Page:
Comcast Corp., the world's largest cable-television provider, said first-quarter profit more than tripled as customers snapped up digital telephone service. Net income rose to $466 million, or 22 cents a share, from $143 million, or 6 cents, a year earlier. Sales rose 10 percent to $5.9 billion, Philadelphia-based Comcast said today in a statement. Earnings beat the 12-cent estimate of UBS AG analyst Aryeh Bourkoff.
The linked Bloomberg report continues:
Chief Executive Officer Brian Roberts gained 211,000 digital phone customers, more than the company won in all of last year. Adding phone service to Comcast's package helped attract a record number of digital video and Internet customers. Comcast, Time Warner Inc. and Cablevision Systems Corp. are using bundles of products to drive revenue and win business from phone companies.
"These are finally the numbers that investors are looking for,'' said Craig Moffett, an analyst at Sanford C. Bernstein & Co. in New York who rates Comcast shares "outperform.''
That last paragraph suggests the company may be regaining favor on Wall Street. I believe the stock is up a bit more than 17% YTD. I noticed the Class A Special shares (that I own) closed yesterday at $30.44. Comcast was first recommended here last November at $26.73.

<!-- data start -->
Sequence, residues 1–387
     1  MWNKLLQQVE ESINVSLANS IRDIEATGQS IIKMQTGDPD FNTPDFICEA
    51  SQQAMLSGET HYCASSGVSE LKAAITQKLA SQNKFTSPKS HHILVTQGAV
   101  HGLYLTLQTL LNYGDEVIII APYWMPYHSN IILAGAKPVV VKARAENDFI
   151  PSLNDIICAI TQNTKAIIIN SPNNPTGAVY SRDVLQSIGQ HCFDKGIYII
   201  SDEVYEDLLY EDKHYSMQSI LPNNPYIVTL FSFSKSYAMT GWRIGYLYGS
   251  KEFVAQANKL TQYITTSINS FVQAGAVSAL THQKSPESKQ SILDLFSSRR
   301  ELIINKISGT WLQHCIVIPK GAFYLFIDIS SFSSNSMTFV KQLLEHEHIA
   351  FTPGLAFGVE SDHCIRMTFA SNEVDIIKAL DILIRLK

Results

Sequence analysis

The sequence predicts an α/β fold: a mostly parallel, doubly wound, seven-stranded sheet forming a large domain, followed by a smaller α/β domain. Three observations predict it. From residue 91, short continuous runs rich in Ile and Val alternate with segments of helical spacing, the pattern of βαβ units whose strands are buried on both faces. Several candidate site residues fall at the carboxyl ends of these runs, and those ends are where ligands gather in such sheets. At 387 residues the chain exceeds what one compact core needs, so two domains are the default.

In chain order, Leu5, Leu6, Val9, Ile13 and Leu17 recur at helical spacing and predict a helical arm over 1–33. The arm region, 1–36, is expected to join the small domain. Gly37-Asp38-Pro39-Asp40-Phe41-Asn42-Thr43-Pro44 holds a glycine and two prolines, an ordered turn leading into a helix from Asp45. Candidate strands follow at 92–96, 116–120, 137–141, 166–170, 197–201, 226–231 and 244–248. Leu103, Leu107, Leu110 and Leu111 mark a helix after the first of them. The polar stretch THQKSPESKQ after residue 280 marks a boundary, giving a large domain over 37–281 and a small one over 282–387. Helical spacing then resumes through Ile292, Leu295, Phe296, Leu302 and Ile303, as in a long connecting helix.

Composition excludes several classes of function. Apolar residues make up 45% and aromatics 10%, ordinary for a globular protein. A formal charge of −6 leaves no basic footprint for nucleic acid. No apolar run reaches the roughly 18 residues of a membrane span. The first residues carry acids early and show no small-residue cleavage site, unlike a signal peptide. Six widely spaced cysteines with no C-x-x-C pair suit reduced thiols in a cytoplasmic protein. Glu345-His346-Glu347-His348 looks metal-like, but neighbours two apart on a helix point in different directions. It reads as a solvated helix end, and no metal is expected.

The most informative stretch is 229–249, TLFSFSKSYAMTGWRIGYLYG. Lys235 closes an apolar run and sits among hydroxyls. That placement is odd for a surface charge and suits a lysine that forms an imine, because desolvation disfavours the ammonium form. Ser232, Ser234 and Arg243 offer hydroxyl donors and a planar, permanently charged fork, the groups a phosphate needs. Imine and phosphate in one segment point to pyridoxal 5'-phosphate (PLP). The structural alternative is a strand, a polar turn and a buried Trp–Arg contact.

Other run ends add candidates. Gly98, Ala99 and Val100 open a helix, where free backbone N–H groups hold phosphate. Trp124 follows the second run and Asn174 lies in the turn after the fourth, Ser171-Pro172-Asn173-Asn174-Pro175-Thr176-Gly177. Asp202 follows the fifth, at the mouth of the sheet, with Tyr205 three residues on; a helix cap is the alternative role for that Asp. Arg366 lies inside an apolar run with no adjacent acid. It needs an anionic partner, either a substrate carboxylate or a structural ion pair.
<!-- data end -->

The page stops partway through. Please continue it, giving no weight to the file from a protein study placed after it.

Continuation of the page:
I don't want to curse myself by saying this. But I really, really like the stock. The company. And the CEO.
Update: I just came across this take on Comcast by the Financial Times' venerable Lex Column:
Better late than never. Comcast has finally lumbered onto the trail blazed by rival Cablevision. Strong growth in high-speed internet and telephony customers drove revenues 10 per cent higher in the first quarter. The strength of those products is also helping to reduce basic cable TV cancellations and even to stimulate some growth.
UBS estimates cable will take 25 per cent of new pay-TV subscribers in the first quarter. In recent years, satellite operators have taken more than100 per cent – with cable going backwards. Comcast has also demonstrated that it can ratchet up growth without too much extra capital expenditure, resulting in stronger cash flows.
Then the Lex editors offer up some caution, which I agree with. And being long the stock, I obviously agree with their conclusion:
It is only one quarter. And the threat from the big telecoms operators – who are laying new fibre to offer their own "triple-play" bundle – is still looming. That will eat into cable's market share and could affect pricing within the next couple of years, just as cable's natural momentum slows. But, in the meantime, cable should thrive. Only a tiny proportion of the homes passed by Comcast take its telephony service and 22 per cent take high speed internet. The more customers sign up to multiple products the tougher it will be for telecoms operators to steal them. Investor greed for a slice of the growth is starting to outweigh their fear of pricing Armaggedon further down the line. In spite of rising 17 per cent from their March lows, Comcast's shares have further to run.
[Full disclosure: Author is long CMCSA]